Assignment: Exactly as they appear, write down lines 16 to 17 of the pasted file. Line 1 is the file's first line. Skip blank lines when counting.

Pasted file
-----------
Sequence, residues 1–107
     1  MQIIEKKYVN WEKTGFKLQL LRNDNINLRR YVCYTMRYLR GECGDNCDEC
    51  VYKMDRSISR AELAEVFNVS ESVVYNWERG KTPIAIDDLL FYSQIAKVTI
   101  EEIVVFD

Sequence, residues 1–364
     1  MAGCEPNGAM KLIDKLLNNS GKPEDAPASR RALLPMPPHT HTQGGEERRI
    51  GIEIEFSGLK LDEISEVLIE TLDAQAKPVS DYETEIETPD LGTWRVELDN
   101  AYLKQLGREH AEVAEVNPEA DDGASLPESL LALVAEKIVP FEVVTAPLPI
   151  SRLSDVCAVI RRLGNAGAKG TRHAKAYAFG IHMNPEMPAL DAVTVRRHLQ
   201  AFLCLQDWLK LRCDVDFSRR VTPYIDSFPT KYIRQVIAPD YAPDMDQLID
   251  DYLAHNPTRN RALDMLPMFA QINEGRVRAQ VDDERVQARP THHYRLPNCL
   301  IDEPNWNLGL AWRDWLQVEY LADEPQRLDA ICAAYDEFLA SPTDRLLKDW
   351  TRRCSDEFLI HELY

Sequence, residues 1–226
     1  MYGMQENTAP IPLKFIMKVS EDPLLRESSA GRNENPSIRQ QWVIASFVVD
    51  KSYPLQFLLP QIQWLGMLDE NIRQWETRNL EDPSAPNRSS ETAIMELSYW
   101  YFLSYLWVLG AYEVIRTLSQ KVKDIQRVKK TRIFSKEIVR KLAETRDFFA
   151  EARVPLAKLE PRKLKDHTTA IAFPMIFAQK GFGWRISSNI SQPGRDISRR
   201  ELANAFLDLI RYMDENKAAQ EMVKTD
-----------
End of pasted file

    51  KSYPLQFLLP QIQWLGMLDE NIRQWETRNL EDPSAPNRSS ETAIMELSYW
   101  YFLSYLWVLG AYEVIRTLSQ KVKDIQRVKK TRIFSKEIVR KLAETRDFFA